I'm telling you, whenever I use basketball shoes, even Kobes which aren't really that heavy or bad quality, I feel like my feet are into cement. I can't move around well, my GCT in moving around, not to mention jumping, is soooooo long it's ridiculous, yet when I take running shoes on, which are light and have a foam sole, all these problems seem to go away. I feel like despite me increasing in bodyweight over the years - I haven't increased in calf strength pretty much at all - I bet I'm at around the same ratio of calf strength to bodyweight or so like I was when I was 40 lbs lighter...

Except those 40 lbs x 10 times = 400 lbs more in a high speed plant so... after "some" point it becomes such a great overload for the calves when you get heavier, and I feel like I'm at that point right now.

When I do single leg bounds I have more of a tendency to collapse at the knee/hamstring, and remember I can't do alternate leg bounds due to my right knee so I'm limited at LLLL ... that's why I'd try backward depth drops...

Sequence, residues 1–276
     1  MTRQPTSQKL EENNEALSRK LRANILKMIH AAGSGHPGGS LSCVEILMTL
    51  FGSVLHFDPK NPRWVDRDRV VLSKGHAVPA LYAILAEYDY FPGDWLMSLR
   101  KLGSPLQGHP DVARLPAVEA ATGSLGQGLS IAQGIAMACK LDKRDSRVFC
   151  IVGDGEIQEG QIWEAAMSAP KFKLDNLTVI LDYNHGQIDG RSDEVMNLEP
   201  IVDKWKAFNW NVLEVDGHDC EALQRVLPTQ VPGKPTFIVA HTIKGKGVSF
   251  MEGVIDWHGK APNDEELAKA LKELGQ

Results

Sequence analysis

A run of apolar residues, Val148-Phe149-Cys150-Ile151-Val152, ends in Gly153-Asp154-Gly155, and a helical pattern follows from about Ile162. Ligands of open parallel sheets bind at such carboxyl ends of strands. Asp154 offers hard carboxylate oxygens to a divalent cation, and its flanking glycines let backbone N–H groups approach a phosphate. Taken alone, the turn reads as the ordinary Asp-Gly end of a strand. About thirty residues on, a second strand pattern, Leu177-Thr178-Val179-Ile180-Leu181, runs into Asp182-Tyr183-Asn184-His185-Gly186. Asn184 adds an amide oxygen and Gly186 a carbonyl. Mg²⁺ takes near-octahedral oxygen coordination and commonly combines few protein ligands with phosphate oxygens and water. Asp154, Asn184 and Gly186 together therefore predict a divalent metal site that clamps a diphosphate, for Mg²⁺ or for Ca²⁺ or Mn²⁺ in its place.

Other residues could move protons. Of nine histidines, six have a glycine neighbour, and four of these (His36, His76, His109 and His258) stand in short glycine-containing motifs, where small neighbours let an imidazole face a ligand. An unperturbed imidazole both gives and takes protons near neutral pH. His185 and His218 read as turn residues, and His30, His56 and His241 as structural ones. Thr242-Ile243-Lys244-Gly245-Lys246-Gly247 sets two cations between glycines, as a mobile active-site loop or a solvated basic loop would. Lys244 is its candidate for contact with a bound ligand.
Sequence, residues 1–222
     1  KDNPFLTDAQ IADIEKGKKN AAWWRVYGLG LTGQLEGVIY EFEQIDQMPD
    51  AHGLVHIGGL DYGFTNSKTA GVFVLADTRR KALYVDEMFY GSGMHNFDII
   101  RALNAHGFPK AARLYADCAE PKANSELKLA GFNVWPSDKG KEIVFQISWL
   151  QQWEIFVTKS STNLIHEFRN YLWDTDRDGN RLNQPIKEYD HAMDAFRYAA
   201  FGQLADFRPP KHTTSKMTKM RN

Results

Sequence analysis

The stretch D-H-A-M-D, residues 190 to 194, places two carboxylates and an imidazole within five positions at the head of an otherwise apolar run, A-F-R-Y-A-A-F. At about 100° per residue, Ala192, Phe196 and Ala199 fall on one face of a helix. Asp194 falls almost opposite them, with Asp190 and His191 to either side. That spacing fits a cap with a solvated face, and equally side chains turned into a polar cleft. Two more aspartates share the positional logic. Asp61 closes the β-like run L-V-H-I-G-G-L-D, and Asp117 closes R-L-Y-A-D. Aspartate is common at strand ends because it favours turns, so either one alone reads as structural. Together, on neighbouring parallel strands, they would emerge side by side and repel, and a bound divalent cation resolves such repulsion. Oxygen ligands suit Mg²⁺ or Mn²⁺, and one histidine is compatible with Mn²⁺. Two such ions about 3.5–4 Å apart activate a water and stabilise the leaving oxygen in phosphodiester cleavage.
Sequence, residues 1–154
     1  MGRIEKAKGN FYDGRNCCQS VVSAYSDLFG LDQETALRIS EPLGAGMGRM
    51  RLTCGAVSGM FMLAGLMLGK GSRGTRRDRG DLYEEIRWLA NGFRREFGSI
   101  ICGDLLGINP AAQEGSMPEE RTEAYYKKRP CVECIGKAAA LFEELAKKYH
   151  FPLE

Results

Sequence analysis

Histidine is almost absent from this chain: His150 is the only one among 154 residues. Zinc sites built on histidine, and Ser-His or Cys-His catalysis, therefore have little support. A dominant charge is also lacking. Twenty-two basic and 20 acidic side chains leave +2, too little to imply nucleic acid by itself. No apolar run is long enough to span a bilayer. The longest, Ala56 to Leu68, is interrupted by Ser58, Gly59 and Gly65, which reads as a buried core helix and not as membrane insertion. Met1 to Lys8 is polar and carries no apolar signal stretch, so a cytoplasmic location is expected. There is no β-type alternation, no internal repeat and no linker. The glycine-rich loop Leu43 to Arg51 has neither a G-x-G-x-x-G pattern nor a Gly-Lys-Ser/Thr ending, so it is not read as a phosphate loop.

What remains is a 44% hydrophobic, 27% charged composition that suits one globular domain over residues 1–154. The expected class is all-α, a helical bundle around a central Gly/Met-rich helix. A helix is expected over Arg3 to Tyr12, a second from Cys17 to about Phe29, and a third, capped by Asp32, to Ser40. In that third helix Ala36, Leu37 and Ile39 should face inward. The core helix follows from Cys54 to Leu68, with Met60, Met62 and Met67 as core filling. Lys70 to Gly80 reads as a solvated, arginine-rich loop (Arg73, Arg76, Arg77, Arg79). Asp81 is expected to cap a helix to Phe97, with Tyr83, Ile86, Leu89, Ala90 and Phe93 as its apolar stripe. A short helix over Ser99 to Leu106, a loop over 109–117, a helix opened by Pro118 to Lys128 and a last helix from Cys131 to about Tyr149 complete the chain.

Another thing that passed through my mind is walking backwards and downwards on a hill slope. It would probably be even better for the calves, that continuous tension in them... sure, dangerous and kinda silly, but still. I think it's worth the try and see how does it feel like. I'm not sure I've ever seen anybody do it yet.
« Last Edit: September 26, 2012, 06:59:26 pm by Raptor »

adarqui

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Re: Backward depth drops
« Reply #3 on: September 26, 2012, 07:22:29 pm »
+1
What are your experiences with backward depth drops for calf development?

I'm asking this because I observed something very interesting when I was doing step-ups: I wasn't too tired anywhere because of them but the one place I had HUGE soreness was the calves. Basically every time I put my leg back down from the step-up box I was doing an eccentric calf raise. I didn't feel it at the time but after I finished my sets my calves were fried. Never experienced any kind of calf soreness like the one that occured after those step-ups.